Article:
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Lake Superior Aquatic Invasive Species Guide

Lake Superior has extraordinary aquatic life, supported by cool coastlines, pristine islands, diverse coastal wetlands, extensive sandy beaches, and the coldest and deepest waters in the Great Lakes. It is the world’s largest freshwater lake by area.  Lake Superior has a relatively simple food web, which means it is especially vulnerable to damage from invasive species.

Of all the Great Lakes, Lake Superior is the least invaded and we want to keep it that way. This guide illustrates invasive species already established or a threat to becoming established; however, it is not an exhaustive list. According to the University of Minnesota Sea Grant Program, 98 non-native fishes, plants, invertebrates, and diseases have become established in the big lake (http://seagrant.umn.edu/ais/superior_nonnatives).

Impacts of many nonnative species are unknown until they cause noticeable effects. In terms of new species that could spread into Lake Superior, there are eighteen profiled in this guide. The actions that you can take (pages 3 and 4) will help stop the introduction of species profiled and threats like chinese mitten crab, red swamp crayfish, faucet snail, redear sunfish, hydrilla and many more.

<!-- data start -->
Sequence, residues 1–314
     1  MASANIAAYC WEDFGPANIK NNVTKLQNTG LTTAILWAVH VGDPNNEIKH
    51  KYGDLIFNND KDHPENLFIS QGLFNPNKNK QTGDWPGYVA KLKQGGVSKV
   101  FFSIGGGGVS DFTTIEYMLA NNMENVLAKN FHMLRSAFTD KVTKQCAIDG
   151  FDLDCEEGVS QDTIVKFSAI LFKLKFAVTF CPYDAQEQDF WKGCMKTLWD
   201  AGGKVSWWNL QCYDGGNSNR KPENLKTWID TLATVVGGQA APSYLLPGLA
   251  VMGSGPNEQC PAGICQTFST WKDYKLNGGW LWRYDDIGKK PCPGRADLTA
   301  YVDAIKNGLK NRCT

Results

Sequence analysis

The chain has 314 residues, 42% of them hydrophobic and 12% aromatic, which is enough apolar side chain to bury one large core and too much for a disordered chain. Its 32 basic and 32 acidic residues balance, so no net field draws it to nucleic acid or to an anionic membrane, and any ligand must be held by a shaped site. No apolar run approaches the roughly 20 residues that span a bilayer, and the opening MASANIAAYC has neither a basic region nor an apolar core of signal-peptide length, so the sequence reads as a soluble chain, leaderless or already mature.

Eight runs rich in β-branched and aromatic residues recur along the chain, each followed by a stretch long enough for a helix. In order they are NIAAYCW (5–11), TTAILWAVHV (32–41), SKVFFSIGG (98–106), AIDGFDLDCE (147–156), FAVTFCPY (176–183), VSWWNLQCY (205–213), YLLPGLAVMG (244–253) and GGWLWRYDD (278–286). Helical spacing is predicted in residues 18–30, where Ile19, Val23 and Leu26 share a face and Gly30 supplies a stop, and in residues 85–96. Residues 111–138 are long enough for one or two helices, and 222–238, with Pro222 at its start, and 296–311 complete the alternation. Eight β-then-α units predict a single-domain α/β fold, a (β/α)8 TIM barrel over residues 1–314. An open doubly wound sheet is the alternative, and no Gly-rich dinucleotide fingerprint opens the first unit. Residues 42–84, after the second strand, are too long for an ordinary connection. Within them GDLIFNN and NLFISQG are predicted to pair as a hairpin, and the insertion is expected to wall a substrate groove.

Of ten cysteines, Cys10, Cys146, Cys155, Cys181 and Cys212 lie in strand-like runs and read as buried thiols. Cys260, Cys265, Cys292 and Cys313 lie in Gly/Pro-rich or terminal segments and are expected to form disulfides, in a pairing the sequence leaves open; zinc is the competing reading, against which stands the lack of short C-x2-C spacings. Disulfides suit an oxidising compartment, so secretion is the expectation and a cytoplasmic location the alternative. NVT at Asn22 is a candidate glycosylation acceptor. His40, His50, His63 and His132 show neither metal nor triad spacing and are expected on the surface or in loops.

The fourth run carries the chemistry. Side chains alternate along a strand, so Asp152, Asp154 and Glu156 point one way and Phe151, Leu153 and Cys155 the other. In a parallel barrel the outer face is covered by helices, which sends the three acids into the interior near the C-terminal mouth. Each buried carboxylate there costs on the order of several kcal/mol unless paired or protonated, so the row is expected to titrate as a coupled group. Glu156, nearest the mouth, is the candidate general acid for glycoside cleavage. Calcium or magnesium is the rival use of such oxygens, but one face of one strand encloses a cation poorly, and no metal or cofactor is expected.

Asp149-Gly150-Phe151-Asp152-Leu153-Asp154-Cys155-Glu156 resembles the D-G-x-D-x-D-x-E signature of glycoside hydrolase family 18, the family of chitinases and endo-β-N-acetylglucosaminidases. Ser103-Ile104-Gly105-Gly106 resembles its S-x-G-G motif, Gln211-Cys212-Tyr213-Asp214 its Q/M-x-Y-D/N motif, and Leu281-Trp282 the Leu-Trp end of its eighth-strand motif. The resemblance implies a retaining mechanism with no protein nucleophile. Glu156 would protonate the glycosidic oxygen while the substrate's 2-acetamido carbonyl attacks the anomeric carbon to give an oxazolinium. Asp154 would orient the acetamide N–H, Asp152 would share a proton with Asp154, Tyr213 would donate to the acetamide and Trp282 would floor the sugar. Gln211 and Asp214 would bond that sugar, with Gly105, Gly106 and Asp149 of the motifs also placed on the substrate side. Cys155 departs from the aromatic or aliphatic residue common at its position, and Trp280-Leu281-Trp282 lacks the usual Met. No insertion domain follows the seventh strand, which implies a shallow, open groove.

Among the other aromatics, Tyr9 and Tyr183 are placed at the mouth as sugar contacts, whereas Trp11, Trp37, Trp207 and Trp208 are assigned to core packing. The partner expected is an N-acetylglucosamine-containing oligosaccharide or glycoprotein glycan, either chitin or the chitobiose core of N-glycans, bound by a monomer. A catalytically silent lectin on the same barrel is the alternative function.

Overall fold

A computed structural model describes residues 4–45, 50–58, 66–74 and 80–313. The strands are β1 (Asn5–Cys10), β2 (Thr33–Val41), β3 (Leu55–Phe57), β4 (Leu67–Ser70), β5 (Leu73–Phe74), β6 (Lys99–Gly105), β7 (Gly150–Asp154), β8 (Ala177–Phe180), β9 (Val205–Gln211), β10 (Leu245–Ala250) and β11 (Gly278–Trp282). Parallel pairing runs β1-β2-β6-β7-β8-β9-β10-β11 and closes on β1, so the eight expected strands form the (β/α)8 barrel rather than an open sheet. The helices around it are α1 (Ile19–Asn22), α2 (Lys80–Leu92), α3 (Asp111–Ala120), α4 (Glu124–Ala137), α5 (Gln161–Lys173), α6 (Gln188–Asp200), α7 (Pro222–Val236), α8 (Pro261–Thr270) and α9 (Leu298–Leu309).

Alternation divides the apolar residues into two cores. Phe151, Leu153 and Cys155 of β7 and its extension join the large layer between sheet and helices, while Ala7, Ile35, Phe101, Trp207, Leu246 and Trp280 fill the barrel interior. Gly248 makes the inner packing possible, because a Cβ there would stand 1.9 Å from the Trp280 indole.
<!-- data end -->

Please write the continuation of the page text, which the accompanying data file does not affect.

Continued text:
The Lake Superior Aquatic Invasive Species Guide is designed for recreational users of the lake, people who spend their time boating, fishing, and exploring this beautiful waterbody. Descriptions and photos provided will help you identify these invaders and report sightings. Knowing the distribution of invasive species and detecting any new arrivals is critical for managing and protecting the lake – do your part to help protect Lake Superior!

For Lake Superior recreational users looking for a hardcopy, please call the Invading Species Hotline at 1-800-563-7711.

(File size: 1.7 MiB)